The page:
1. Woonsocket has not increased local funding for education over the last fifteen years despite massive increases in education expenditures in Rhode Island and nationwide.
2. General education aid from the state has rapidly increased over the same period, demonstrating that a lack of sufficient revenue at Woonsocket Public Schools is first, if not exclusively, a local revenue problem.
I wanted to provide three additional bits of information on my personal blog.
First, I want to outline some analyses that I have not done that I think are critical to understanding education funding in Woonsocket. I will also describe more completely what conclusions cannot be drawn from the analysis on Nesi’s Notes.
Second, I want to discuss the legal context of school funding in Rhode Island. This is especially interesting since Pawtucket and Woonsocket are both currently suing the state for additional funds for the second time. I am going to review what happened the first time these communities brought their fight for education aid to the courthouse and explain why I believe this strategy will fail once again.
Third, I want to provide instructions on precisely how I retrieved the data and created the graphs in that post. I am a firm believer in “reproducible research”, so I want to be entirely transparent on my data sources and methods. I also think that too few people are acquainted with the Common Core Data provided by the National Center for Education Statistics that I relied on exclusively for my guest blog. Hopefully these instructions will help more concerned citizens and journalists in Rhode Island use data to back up assertions about local education.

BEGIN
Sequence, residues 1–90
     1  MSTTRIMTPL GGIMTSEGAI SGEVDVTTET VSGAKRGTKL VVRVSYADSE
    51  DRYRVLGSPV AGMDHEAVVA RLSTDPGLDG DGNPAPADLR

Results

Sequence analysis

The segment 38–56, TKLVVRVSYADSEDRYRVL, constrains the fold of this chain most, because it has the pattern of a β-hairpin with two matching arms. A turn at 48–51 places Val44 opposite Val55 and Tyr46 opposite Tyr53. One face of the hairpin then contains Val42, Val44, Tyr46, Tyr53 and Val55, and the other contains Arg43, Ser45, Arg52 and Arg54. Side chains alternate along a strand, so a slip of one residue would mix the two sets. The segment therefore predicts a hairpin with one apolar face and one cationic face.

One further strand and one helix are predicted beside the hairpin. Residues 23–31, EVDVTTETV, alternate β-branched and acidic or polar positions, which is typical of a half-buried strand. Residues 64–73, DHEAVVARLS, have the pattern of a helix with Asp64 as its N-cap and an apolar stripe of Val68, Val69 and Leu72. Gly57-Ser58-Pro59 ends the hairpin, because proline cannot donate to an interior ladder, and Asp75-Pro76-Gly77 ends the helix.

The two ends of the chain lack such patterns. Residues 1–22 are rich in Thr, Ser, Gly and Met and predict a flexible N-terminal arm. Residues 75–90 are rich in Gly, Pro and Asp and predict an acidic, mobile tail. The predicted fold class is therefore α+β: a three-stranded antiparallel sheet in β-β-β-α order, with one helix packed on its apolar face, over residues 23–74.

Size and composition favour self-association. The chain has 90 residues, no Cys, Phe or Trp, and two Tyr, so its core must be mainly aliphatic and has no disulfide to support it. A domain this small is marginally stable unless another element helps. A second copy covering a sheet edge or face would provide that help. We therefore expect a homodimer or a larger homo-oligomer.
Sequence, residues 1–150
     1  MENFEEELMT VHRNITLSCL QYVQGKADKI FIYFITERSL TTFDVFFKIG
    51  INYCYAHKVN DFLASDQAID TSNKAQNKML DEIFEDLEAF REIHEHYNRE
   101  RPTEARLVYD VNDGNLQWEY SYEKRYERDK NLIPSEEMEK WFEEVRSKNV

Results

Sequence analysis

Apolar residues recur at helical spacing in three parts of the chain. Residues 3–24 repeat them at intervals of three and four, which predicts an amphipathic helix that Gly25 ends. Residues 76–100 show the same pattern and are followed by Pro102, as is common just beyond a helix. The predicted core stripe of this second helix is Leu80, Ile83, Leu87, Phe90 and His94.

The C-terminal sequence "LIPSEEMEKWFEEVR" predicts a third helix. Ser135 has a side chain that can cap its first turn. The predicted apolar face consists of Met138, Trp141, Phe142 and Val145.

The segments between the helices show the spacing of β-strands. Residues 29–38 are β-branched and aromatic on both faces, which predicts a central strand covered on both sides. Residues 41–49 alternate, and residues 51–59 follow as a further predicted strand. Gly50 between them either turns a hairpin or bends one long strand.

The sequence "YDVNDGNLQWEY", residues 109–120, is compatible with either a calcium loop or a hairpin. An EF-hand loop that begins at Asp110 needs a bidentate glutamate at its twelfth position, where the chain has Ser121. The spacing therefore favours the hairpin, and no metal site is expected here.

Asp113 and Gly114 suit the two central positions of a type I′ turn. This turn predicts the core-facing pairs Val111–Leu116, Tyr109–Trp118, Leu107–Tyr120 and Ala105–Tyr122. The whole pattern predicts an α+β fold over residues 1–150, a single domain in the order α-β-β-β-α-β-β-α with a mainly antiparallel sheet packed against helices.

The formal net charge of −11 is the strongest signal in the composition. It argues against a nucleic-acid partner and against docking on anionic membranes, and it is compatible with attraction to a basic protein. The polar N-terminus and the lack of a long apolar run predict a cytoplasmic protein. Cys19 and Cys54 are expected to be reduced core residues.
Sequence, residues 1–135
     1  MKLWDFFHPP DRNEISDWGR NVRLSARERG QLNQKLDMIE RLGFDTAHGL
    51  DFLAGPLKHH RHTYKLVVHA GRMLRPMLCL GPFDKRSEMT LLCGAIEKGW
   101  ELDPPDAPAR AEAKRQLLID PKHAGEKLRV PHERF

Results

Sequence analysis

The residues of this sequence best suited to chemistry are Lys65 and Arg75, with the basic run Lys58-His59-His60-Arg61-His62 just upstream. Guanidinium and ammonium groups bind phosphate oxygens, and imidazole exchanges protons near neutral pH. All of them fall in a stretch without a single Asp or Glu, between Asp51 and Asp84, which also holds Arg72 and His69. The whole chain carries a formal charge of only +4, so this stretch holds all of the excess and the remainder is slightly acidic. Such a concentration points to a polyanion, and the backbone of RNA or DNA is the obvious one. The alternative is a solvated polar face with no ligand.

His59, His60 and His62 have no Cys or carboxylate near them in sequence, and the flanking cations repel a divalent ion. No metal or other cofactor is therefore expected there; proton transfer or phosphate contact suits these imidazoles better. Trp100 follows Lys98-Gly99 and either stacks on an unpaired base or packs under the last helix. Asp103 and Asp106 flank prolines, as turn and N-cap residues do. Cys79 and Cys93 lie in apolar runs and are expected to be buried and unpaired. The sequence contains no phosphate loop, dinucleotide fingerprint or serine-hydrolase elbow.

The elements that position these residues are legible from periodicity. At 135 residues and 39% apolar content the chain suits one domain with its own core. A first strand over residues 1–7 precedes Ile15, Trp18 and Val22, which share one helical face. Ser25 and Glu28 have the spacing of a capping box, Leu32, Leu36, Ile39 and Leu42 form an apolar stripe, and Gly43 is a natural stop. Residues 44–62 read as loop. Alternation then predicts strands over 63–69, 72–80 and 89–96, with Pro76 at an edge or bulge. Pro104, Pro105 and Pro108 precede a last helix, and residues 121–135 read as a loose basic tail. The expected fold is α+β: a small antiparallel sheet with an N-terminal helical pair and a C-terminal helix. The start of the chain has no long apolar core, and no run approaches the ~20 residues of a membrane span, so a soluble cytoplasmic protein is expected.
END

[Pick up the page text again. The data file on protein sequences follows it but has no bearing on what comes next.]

Please reserve your comments on my original posts for Nesi’s Notes. I have disabled comments on this post, because I would like to keep the comments on the original analysis contained in one place. Feel free to comment on each of the follow up posts.
My last post ended with an important question, “Who is responsible for ensuring students are receiving a certain minimum quality education?”
This is my attempt at answering that question.
Does the state have a legal obligation to fiscally ensure that Woonsocket students are receiving an equitable, adequate, and meaningful education ...
There are several questions that come to mind when looking over my analysis on Nesi’s Notes. The first thing I wondered was whether or not Woonsocket had raised local revenues by similar amounts to other communities but had chosen to spend this money on other municipal services. Ideally, I ...
My analysis on Nesi’s Notes depended entirely on the National Center for Education Statistics’ Common Core Data. The per pupil amounts reported to NCES may look a bit different from state sources of this information. There are several explanations of this. First, the enrollment counts used to generate per ...